I checked in the Log Window first which reported that it couldn't load the looked for DLL, and then I added C:\OSGeo4W64\bin to my path (for several years I've used the local shortcut from the OSGeo4W install which doesn't require the system path set).

To check something that Radian cannot already read on its own, I am messing around with VRT, which works.


https://github.com/mdsumner

adamw


7,129 post(s)
#02-May-17 07:24

A heads-up: we expect the next build either today or tomorrow. This is going to be the final build in this series of builds. After the final testing, the series will go public.

adamw


7,129 post(s)
#03-May-17 17:58

9.0.160.4

Changes

(Fix) LIMIT is no longer a reserved keyword in queries.

New script function: Values.AddValueType - takes a name and a type, and adds a value with type info and no data. The function allows conveying type information to objects like expressions without using model values.

New script property: Value.Type - reads the value type.

New script function: Value.CreateCopy - creates a copy of a value.

New script function: Values.CreateCopy - creates a copy of a value set.

New script function: Values.CreateLocked - creates a copy of a value set with locked structure. Attempting to add or remove a value in a locked value set will throw an error. In return, using a locked value to pass data to functions like Table.Insert performs faster.

Renamed script function: Expression.Source is renamed to Expression.GetSource. Each call returns a new Values object. This allows using the returned object for evaluation (using the shared object returned by Expression.Source only worked if the script never altered its structure and never used it from multiple threads, this was too error-prone).

Renamed script function: Expression.Target is renamed to Expression.GetTarget. Each call returns a new Values object, similarly to Expression.GetSource.

Script functions that return Values objects like Sequence.Fetch or Expression.Evaluate perform noticeably better and include optimizations for values with many items.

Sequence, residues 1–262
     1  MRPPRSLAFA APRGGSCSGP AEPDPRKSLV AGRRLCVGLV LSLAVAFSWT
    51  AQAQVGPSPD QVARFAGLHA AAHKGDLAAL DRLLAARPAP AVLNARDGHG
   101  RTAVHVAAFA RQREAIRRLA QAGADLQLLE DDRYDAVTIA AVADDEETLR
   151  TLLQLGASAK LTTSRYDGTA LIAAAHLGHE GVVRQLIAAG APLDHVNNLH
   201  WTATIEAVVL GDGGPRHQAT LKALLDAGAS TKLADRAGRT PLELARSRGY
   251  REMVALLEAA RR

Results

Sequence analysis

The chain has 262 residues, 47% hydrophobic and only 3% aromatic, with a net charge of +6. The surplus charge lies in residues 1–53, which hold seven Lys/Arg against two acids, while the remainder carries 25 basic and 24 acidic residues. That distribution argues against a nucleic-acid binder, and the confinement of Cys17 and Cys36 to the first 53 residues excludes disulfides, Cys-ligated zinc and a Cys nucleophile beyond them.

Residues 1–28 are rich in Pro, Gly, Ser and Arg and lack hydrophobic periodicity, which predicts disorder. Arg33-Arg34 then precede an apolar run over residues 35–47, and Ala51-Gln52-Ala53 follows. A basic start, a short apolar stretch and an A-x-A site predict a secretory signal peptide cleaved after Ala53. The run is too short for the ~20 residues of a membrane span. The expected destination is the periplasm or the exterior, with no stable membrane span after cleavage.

Attempting to access an item with an unknown name in a Values object or in one of the schema collections returns a null object instead of throwing an error.

New script property: Database.CanDesign - returns true if database supports changes to table schema and false otherwise. The property is mainly used to determine if creating a new table in order to alter its schema later is not going to be possible.

New script property: Database.IsSaveAsNeeded - returns true if saving changes to the database will change its format (used to indicate when saving a MAP file will upgrade its format from Manifold 8 to Radian and make it unreadable in Manifold 8).

Script functions for Database and Table objects no longer reserve an opts parameter for extensibility. (Extensibility is now done differently.)

New script property: Schema.IndexField.IgnoreAccent - controls the use of accents for a text field in a btree index.

New script property: Schema.IndexField.IgnoreSymbols - controls the use of symbols for a text field in a btree index.

Reworked script function: Schema.DeleteItem is replaced with Schema.DeleteConstraint, Schema.DeleteField and Schema.DeleteField.

Launching a script reclaims memory in undisposed objects at the end. The change has little effect for well-written scripts, but makes for a big difference for less-well-written ones where it helps to conserve memory and pinpoint coding errors.

The 000 (S-57) dataport performs significantly faster.

The 000 dataport exposes labels and map.

The 000 dataport recognizes way more coordinate systems.

The SID dataport supports reading JPEG2000 files and has been made the default dataport for JPEG2000 files due to an issue in the current version of the ECW SDK. (We are having second thoughts about the switch as SID SDK also has issues with JPEG2000, just on different files.)

(Fix) The GDAL dataport no longer creates a separate image for each channel of BGR / BGRA data.

The GDAL dataport reports used driver in the log.

(Fix) Altering the schema of a GDB table increments its version to update windows that show its data.

End of list.

adamw


7,129 post(s)
#03-May-17 17:59

Updated test results

Updated test file, changes for 9.0.160.4 are marked in comments:

scripts-throughput-b.map

Here are the comparisons of 9.0.160.4 with 9.0.160.3, all test sizes are the same so I am just providing times in milliseconds.

Test 1 - write numbers / strings

9.0.160.3 - 4200 ms

9.0.160.4 - 2600 ms, a significant improvement from using locked value sets

Test 2 - read numbers / strings

9.0.160.3 - 1820 ms

9.0.160.4 - 1600 ms, a minor improvement from optimizations in sequences

Test 3 - write geoms

9.0.160.3 - 9900 ms

9.0.160.4 - 8100 ms, a fair improvement from using locked value sets